Every risk taken paid off. Depp's performance was nothing short of a revelation, and Captain Jack quickly became one of the most memorable and iconic recent cinematic characters. Watching Depp is pure pleasure, as he tosses the attributes of Keith Richards, Captain Ron, and a drunken prostitute into this saucy fellow. His off-kilter performance is complemented quite nicely by Geoffrey Rush's excellent turn as Barbossa. Rush plays up the traditional "Argh, matey!" pirate stereotype to the hilt, and he does a terrific job of it. Our young stars, Orlando Bloom and Keira Knightly, would both improve greatly over the course of the series. However, both seem a little bland and unsure of themselves in this first outing.
Though everyone (myself included) liked Curse of the Black Pearl, fans were split on Dead Man's Chest. The movie is a bit larger in scale than its predecessor, and certainly a bit more adventurous in terms of tone. On one hand, the movie is darker than the first, but it also has an increased appetite for cheerfully entertaining slapstick humor. Personally, I find the film to be tremendous fun. The dramatic portions are even more compelling than those in the first film, the comic portions even funnier, and the special effects even better-executed.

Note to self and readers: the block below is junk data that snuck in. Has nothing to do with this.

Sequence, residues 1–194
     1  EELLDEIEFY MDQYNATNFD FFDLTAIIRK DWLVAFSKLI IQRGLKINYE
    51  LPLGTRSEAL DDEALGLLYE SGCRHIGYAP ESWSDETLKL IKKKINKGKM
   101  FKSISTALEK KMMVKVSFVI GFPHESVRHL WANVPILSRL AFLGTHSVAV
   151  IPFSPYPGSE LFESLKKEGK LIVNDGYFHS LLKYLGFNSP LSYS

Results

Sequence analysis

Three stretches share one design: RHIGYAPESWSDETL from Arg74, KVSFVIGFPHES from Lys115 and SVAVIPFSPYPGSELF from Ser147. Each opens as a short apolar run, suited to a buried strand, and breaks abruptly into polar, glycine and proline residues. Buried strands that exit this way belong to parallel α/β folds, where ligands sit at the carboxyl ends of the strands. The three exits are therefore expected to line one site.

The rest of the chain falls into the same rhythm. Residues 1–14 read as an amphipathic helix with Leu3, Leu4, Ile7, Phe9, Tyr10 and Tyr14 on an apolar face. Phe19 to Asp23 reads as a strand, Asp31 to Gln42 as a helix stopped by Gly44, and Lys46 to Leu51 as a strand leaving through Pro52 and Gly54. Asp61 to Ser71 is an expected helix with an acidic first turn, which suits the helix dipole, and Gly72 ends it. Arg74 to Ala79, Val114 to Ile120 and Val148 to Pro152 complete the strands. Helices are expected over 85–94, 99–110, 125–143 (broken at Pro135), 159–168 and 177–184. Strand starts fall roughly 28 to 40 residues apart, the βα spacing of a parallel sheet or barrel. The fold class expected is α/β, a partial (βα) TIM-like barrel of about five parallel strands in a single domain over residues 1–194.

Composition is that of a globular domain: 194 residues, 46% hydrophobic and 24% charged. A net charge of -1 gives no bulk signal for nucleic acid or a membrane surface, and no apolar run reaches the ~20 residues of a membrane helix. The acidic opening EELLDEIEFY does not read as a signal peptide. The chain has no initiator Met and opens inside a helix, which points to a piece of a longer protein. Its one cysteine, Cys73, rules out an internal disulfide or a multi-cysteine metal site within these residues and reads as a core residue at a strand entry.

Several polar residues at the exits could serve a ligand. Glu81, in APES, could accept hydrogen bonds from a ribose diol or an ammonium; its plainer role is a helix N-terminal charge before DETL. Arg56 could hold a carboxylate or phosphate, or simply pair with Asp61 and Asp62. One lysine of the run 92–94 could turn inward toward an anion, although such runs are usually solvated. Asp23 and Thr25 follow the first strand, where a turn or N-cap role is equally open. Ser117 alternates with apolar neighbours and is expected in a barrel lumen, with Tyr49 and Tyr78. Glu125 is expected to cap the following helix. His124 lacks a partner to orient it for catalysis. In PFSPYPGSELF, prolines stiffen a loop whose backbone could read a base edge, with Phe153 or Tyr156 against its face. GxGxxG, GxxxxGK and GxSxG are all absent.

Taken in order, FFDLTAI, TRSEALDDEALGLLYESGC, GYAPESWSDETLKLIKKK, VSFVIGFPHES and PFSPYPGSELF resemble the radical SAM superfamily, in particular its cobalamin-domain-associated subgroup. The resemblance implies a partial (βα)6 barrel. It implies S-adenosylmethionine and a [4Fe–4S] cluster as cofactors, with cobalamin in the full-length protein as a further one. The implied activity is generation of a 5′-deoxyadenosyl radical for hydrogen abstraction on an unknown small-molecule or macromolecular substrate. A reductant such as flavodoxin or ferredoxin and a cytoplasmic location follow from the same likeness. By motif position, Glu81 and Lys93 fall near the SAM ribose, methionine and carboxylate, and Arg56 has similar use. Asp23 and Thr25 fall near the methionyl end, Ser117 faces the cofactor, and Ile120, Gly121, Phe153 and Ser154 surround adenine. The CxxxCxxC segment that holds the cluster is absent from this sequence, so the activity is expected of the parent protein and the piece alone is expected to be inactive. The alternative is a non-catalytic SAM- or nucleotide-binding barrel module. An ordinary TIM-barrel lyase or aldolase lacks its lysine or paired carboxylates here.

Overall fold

Davy Jones is a particularly strong addition to the cast of characters and is played superbly by actor Bill Nighy (with a solid assist from the make-up and VFX artists). Nighy is simultaneously scary and sympathetic. The movie doesn't go overboard in trying to make a villain with touching motivations (think of Sandman in Spider-Man 3), but there's something in Nighy's eyes that suggests deep pain. It takes a lot of skill to silently convey as much as Nighy does here. The Davy Jones scenes are among the best in the film. A side note: does anyone else absolutely love that super-cool Captain Nemo-inspired shot of Davy Jones playing the organ with his beard tentacles?
For me, there are two scenes in the film that stand out as joyful highlights. Both are Keaton-esque comic set pieces that are executed with great skill by director Gore Verbinski, surpassing the director's better moments in Mouse Hunt. The first scene cuts back and forth between a group of prisoners attempting to escape from a circular cage and a very inconvenienced Jack Sparrow attempting to escape from a group of angry cannibals. The second involves a three-way swordfight which takes place on, in, and around a large rolling wheel. These superbly-staged action scenes trump the usual car chases and explosions any day of the week, as far as I'm concerned.